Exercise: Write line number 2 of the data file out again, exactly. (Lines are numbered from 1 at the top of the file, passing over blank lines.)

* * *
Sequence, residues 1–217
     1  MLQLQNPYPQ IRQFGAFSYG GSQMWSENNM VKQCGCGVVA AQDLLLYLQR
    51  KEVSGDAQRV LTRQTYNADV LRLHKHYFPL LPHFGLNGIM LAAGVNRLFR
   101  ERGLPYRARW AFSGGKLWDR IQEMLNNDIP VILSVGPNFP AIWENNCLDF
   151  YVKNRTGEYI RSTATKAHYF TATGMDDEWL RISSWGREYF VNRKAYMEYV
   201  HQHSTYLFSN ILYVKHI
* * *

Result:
     1  MLQLQNPYPQ IRQFGAFSYG GSQMWSENNM VKQCGCGVVA AQDLLLYLQR